Sudan's President Omar al-Bashir seeks visa for UN meet
Sudan's President Omar al-Bashir, being sought to answer charges of war crimes, has asked for a US visa ahead of next week's UN General Assembly.
The International Criminal Court (ICC) wants Mr Bashir tried on charges of directing genocide and taking part in war crimes in the Darfur region.
State media had said Sudanese Foreign Minister Ali Karti would be leading the country's delegation to the meeting at UN headquarters in New York.
Mr Bashir last visited the US in 2006.
Warrants for his arrest were issued in March 2009 and July 2010. The ICC charged him with 10 counts of war crimes, crimes against humanity and genocide in connection with the conflict in the western region of Darfur.
The US ambassador to the United Nations, Samantha Power, confirmed that Washington had received a visa application from President Bashir. She described the move as "deplorable", "cynical" and "hugely inappropriate".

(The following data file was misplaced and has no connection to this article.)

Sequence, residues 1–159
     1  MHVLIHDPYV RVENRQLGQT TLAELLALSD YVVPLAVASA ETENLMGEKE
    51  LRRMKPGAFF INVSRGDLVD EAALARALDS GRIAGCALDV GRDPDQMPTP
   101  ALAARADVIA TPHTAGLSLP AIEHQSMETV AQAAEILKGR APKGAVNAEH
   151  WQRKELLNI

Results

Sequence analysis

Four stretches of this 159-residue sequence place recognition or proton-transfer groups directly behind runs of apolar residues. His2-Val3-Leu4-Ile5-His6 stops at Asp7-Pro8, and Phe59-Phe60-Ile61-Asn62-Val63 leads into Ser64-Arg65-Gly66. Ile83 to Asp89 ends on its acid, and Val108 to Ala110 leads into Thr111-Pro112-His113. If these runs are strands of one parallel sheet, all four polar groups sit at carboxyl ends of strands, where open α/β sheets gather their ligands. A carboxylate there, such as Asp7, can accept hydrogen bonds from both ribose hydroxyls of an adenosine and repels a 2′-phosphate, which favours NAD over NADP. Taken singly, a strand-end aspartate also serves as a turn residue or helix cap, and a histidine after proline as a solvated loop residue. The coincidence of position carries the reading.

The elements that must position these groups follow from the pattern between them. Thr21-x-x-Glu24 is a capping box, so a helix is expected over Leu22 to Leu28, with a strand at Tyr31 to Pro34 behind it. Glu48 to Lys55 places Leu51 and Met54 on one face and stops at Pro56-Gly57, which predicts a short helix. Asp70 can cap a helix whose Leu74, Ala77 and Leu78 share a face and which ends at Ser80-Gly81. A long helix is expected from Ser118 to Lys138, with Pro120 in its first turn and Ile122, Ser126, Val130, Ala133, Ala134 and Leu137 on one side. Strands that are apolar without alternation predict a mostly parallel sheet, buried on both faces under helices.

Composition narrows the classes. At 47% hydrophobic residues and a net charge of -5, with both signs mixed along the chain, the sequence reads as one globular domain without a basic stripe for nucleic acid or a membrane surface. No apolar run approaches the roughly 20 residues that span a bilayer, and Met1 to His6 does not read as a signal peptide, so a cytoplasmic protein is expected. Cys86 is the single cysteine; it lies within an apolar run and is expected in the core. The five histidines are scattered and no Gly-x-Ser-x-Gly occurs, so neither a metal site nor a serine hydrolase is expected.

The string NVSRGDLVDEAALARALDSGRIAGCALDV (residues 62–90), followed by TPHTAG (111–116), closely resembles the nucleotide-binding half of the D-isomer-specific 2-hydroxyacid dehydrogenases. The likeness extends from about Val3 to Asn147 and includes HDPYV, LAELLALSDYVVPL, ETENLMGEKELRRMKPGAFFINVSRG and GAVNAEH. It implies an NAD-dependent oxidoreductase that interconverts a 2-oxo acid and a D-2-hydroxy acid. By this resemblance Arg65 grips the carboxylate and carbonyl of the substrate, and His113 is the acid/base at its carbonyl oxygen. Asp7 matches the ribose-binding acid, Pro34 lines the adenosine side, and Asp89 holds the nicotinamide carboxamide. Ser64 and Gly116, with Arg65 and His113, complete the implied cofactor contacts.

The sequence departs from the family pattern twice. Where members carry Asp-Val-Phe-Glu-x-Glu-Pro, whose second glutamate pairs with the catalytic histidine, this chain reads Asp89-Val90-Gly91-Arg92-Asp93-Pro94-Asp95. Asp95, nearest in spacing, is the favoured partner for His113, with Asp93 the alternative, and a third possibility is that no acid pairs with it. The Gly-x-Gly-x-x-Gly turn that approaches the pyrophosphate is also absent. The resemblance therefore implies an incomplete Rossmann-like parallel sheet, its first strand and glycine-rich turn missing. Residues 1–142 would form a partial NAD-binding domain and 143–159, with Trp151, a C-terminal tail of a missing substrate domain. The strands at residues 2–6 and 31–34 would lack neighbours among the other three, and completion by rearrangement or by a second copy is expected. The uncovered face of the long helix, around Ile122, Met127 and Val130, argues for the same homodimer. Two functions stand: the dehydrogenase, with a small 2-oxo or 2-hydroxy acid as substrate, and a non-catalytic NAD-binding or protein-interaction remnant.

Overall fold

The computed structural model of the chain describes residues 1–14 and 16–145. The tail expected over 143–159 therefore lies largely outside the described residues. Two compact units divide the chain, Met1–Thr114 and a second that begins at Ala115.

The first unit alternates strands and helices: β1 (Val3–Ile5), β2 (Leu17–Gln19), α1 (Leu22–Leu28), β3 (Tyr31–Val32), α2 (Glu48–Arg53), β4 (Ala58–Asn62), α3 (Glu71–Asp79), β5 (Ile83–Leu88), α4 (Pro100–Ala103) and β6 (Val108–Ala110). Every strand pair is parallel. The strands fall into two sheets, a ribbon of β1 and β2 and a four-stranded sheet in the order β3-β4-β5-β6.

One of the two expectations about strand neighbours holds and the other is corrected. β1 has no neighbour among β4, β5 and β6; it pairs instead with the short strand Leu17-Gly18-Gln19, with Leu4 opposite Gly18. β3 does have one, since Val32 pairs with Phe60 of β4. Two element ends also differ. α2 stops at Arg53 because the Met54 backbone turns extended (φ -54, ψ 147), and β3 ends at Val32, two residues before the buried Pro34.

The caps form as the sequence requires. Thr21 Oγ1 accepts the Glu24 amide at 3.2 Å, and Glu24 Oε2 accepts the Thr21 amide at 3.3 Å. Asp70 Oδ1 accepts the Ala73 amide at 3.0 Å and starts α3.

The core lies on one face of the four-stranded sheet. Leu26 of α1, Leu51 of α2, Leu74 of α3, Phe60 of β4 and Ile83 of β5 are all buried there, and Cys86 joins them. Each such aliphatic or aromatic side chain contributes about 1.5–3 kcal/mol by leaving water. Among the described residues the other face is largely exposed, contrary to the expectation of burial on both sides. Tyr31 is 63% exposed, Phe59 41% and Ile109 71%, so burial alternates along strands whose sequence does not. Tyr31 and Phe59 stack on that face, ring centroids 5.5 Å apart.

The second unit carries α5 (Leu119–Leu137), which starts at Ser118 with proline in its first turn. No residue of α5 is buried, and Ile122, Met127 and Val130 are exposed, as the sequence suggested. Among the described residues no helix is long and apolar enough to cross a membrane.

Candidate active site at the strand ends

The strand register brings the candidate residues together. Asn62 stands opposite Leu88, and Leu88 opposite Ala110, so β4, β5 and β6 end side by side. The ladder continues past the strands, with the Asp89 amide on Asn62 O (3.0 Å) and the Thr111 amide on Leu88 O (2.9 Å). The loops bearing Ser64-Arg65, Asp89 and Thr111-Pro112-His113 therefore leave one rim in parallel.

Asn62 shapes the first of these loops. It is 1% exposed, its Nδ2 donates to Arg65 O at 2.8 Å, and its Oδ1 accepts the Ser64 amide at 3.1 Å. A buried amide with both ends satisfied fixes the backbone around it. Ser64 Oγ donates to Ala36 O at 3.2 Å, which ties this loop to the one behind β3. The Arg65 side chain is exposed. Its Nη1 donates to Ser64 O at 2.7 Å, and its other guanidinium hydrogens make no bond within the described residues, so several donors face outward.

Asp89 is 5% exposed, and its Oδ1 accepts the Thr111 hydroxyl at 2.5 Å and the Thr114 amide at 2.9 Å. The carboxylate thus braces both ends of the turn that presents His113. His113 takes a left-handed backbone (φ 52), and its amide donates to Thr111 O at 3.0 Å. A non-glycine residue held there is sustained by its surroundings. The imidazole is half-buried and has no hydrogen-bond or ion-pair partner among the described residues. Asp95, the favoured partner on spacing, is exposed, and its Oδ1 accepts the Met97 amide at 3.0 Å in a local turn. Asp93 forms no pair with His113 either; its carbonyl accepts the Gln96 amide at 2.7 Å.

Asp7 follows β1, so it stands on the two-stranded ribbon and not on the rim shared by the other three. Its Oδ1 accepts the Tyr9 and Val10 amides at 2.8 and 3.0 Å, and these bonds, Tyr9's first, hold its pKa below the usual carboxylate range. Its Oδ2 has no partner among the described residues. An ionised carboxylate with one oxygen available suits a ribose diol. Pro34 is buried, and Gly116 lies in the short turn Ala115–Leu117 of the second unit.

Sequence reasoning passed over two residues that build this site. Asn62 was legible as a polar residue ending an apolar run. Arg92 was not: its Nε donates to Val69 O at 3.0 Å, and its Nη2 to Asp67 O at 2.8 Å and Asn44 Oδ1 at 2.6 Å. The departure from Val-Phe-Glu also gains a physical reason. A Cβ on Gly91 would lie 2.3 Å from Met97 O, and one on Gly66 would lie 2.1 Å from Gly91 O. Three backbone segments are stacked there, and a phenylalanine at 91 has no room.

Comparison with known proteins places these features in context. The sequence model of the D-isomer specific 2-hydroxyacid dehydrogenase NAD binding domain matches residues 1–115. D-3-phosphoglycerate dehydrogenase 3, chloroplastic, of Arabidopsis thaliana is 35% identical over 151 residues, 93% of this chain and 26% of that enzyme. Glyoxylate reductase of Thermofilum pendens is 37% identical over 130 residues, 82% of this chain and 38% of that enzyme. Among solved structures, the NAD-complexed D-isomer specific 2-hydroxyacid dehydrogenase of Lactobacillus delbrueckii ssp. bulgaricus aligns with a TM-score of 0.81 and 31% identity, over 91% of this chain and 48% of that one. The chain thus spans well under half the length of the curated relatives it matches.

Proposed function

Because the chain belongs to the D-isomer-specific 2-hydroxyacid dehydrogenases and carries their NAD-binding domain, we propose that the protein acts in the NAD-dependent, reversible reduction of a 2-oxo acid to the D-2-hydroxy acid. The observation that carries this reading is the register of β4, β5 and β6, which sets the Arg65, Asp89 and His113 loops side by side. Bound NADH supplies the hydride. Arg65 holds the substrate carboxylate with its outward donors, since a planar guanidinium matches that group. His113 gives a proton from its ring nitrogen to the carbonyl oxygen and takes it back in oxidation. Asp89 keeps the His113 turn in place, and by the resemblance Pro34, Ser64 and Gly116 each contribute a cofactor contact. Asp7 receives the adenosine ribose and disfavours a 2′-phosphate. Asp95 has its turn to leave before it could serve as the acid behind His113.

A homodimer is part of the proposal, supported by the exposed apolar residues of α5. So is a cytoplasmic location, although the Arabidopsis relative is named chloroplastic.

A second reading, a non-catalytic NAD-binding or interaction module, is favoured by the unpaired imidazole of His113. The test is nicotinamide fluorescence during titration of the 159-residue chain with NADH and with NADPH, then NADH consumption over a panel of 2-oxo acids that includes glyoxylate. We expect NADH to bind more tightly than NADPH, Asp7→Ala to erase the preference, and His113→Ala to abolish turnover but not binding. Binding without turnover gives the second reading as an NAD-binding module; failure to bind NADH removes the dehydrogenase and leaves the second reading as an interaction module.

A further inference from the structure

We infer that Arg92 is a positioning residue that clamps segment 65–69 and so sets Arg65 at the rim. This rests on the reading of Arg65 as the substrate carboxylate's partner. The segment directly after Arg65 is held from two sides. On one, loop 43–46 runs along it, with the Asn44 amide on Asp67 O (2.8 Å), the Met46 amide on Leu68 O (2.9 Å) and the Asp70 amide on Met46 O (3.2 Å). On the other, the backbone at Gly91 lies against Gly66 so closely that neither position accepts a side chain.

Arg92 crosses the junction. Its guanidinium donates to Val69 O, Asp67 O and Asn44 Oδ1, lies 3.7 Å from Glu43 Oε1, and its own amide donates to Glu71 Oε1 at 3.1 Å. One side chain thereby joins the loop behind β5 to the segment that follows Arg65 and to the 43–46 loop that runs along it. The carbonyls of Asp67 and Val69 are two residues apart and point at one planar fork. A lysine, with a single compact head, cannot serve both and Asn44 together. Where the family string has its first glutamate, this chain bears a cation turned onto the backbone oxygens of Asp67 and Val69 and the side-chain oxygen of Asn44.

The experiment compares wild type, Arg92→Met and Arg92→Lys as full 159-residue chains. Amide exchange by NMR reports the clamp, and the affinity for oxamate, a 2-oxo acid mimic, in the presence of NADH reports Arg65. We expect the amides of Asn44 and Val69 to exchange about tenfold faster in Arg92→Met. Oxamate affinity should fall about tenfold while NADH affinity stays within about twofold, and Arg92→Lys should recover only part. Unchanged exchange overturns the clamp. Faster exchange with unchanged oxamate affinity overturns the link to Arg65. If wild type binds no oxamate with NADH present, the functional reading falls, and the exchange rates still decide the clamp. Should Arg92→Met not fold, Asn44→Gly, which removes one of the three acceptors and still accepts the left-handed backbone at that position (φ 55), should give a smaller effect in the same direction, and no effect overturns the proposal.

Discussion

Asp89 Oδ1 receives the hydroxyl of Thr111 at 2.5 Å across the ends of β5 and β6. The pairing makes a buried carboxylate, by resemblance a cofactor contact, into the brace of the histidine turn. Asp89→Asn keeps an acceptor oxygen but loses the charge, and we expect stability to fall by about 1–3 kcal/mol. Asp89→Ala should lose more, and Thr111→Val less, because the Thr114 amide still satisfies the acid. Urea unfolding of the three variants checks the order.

A spokeswoman for the US State Department, Marie Harf, said: "We condemn any potential effort by President Bashir to travel to New York."
"Before presenting himself to UN headquarters," Ms Harf said, "President Bashir should present himself to the ICC in The Hague to answer for the crimes of which he's been accused."
Ms Harf did not say whether Mr Bashir's visa application had been rejected.
The US has made legal commitments to grant visas to officials seeking to take part in activities of the UN, the Sudan Tribune newspaper reports.
One scenario is that the Sudanese leader could be arrested if he sets foot on US soil whilst en route to the UN headquarters. The site itself is regarded as extra-national territory, the AFP news agency reports.
Last month, Saudi Arabia refused permission for a plane carrying the Sudanese president to cross its airspace, as Mr Bashir travelled to Iran to see the inauguration of the new Iranian president.